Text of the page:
YOU ARE PROBABLY IN A MYTHOLOGICAL PLACE RIGHT NOW
How Woody Allen Found His Way into My Ark
by Elissa Strauss
Myths are stories that explain the inexplicable. They answer questions like: Where did we come from? And where should we go?
There are the classic mythological places, like Atlantis, Shangri-La, Eden and Noah’s Ark, which for centuries colored human understanding about creation and heaven. And then there are the not exactly canonical, but sometimes equally archetypal, mythological places that we all discover on our own.
Like the greats, these mythological places throw into relief the hazy edges of our existence, projecting a semblance of order and harmony amid the chaos. We need them, but we can’t go to them. So what to do but bring them to us.
These mythological places become the grid we lay over our maps, providing coordinates and points of reference, telling us not only how to get from A to B, but also what A and B are.
For me, this place is Woody Allen’s New York.
Right now I am sitting in my apartment in Brooklyn, writing at my computer. If I gave you my address you could look up my apartment on Google maps and see not only my building, but also the third-floor window through which I watch the street below. This is where I am, but this is not only where I am. I am also in Woody’s New York.
It is through Woody’s New York, you see, that I can make best make sense of and most enjoy what surrounds me. I am in Woody’s New York when I return from a dusk walk in the park with faintly flushed cheeks, when I am in an art gallery where the footsteps make more noise than the conversations, and when I argue with my husband while climbing Fifth Avenue. I am in Woody’s New York when I find myself surrounded by people who love or hate writers. I am in Woody’s New York when I am waiting in line for a movie.
I first watched Woody Allen’s movies when I was in high school. I was an ill-at-ease teenager in a Los Angeles suburb now known for its Kardashians; I was in desperate need of myth. I marveled at how Allen and company walked and how they talked and how they ate Chinese food in their queen-sized beds. They did this amid tall buildings, imperfect apartments, and crescent bridges that outshone the moon. There were discussions of art and books, and the jokes I would first laugh at, but would ultimately make me sadder. I found no reason to dwell on the fact that this was cinema, just a fantasy, because – as it is has been for some with other great myths – I simply needed to believe.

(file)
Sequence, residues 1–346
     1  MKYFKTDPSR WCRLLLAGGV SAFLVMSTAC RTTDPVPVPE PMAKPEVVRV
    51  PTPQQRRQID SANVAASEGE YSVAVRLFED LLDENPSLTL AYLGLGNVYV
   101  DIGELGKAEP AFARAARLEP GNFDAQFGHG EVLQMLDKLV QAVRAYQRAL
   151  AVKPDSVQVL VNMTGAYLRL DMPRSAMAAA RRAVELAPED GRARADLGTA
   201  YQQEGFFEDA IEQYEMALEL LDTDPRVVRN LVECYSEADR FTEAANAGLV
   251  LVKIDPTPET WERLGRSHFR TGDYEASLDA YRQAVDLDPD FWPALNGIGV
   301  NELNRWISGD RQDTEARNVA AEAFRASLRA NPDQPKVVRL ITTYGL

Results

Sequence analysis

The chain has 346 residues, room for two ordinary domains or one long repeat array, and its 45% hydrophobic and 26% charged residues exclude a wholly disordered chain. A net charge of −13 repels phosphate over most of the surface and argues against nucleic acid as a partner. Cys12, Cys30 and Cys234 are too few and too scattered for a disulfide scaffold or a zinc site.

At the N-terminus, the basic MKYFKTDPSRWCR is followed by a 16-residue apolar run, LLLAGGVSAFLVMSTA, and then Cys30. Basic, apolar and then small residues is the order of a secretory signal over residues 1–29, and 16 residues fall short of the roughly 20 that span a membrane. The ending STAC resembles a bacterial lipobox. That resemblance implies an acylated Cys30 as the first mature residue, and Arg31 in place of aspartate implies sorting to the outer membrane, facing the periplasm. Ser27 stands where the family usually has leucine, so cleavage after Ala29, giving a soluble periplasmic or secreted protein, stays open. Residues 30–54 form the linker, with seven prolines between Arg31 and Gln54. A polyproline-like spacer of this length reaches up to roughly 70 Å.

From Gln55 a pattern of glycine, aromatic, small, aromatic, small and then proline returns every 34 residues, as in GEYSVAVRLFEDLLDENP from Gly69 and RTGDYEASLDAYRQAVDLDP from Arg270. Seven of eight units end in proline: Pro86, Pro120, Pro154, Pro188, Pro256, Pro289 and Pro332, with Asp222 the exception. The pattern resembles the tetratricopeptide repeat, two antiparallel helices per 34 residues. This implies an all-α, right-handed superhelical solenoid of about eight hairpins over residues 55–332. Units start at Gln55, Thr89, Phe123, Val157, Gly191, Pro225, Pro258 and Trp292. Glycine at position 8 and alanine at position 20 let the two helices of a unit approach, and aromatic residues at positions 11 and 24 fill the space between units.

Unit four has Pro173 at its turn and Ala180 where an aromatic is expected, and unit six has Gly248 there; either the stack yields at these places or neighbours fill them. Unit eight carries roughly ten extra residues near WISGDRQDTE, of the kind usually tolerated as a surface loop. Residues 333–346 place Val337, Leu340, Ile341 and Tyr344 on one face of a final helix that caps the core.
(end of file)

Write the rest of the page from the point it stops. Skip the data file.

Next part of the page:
Woody Allen’s New York would then come with me wherever I went; I’d lay it over Calabasas (the aforementioned suburb), London, Sydney, and even places like Quito, Ecuador where it had little to hold onto. Eventually I was able to bring Woody’s New York to New York, New York where his New York, my New York, and New York, New York come together to form the place I live in now. There have been other mythmakers too, over the years. Mary McCarthy, I.B. Singer, Spike Jones, and Carrie Bradshaw have all contributed to the topography of the subways and sidewalks around me. But none have had the impact of Woody’s New York. That was my first.
And in recent years I have begun to seek out Woodys wherever I go; I feel ill-prepared for a trip to a new city without first reading the right novels or watching the right movies. For others this might just be about better understanding the culture. For me it is, quite literally, a defining factor of my trip. I simply can’t enter someplace new without some myth in my head, a good story that will seamlessly frame, crop, and edit the place I encounter.